The Anglo-American Global Village
This Wikipedia map of the Anglo-American Global Village shows the shared land masses of Canada, the continental United States, and Alaska. Sometimes Iceland is included in this area because its boundaries actually straddle both the Anglo-American and European Global Villages, but for our purposes Iceland is not included in the culture region of Anglo-America.
Click on the global map to enlarge the view.
Human settlements are marked by cultural hearths, which archaeologists first look for in early investigations of ancient populations. The ancient cultural hearth in this Global Village do not depict Anglo cultural features, as we know; and as is the case in many Global Villages, original cultural identities have been obscured, and many times lost, by contemporary cultures.
This Anglo-American Global Village is truly a Global Village as is illustrated in the following video of Canada’s annual Multi-cultural Day. They celebrate with music, dancing, ethnic foods, entertainment, and interaction. The list of nationalities represented on stage is long, beginning with First Nations.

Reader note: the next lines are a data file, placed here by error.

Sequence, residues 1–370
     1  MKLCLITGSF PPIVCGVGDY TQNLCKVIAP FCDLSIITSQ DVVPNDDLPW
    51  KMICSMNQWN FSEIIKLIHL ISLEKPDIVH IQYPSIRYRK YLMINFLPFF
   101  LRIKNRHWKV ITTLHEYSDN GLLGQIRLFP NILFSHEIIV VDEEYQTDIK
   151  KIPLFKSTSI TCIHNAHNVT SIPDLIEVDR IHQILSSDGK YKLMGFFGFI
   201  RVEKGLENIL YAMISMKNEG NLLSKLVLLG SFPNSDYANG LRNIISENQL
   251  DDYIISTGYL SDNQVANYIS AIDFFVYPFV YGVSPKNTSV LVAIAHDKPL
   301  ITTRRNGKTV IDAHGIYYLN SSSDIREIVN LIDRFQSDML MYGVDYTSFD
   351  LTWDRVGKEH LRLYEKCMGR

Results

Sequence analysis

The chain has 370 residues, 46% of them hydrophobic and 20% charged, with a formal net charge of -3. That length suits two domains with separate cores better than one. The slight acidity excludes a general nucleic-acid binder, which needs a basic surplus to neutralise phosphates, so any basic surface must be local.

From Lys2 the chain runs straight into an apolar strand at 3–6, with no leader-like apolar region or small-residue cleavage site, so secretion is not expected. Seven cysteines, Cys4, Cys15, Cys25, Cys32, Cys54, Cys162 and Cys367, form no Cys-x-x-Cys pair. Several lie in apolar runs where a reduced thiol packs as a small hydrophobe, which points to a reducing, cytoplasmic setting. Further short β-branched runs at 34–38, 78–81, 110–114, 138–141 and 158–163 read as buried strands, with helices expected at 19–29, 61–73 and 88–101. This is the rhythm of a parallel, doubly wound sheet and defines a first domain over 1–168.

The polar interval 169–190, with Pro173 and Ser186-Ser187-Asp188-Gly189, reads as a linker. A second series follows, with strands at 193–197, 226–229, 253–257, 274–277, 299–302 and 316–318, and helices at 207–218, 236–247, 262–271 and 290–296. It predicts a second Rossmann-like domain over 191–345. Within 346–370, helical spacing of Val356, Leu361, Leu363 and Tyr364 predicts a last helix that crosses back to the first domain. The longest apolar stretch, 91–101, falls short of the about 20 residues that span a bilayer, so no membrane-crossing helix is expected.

Native peoples are found in Alaska, like the Inuit, sometimes known as Eskimos (which is not their preferred name). In Canada Native peoples are called First Nations, and in the continental United States they are referred to as Native Americans or the more contemporary name of Amerindians. The Native peoples in this Anglo-American Global Village keep alive their culture through language revitalization, participating in annual unity celebrations of drumming and dancing such as at this Pow Wow at Northeast Arizona on White Mountain Apache land. To learn more about First Nations of Canada, follow this link: https://www.aadnc-aandc.gc.ca/eng/1303134042666/1303134337338
This is the fourth lesson in the Global Villages Course I. You will learn that culture in these Global Villages is about much more than food, entertainment, and regalia (costumes).